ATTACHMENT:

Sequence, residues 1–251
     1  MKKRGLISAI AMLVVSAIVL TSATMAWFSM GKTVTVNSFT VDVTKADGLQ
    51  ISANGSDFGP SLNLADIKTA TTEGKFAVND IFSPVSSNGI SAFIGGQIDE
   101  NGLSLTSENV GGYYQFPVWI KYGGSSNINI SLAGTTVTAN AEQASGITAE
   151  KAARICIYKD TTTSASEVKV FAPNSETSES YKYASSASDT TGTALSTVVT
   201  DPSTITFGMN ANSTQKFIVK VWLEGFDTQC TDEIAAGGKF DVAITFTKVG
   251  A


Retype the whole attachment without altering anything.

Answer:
Sequence, residues 1–251
     1  MKKRGLISAI AMLVVSAIVL TSATMAWFSM GKTVTVNSFT VDVTKADGLQ
    51  ISANGSDFGP SLNLADIKTA TTEGKFAVND IFSPVSSNGI SAFIGGQIDE
   101  NGLSLTSENV GGYYQFPVWI KYGGSSNINI SLAGTTVTAN AEQASGITAE
   151  KAARICIYKD TTTSASEVKV FAPNSETSES YKYASSASDT TGTALSTVVT
   201  DPSTITFGMN ANSTQKFIVK VWLEGFDTQC TDEIAAGGKF DVAITFTKVG
   251  A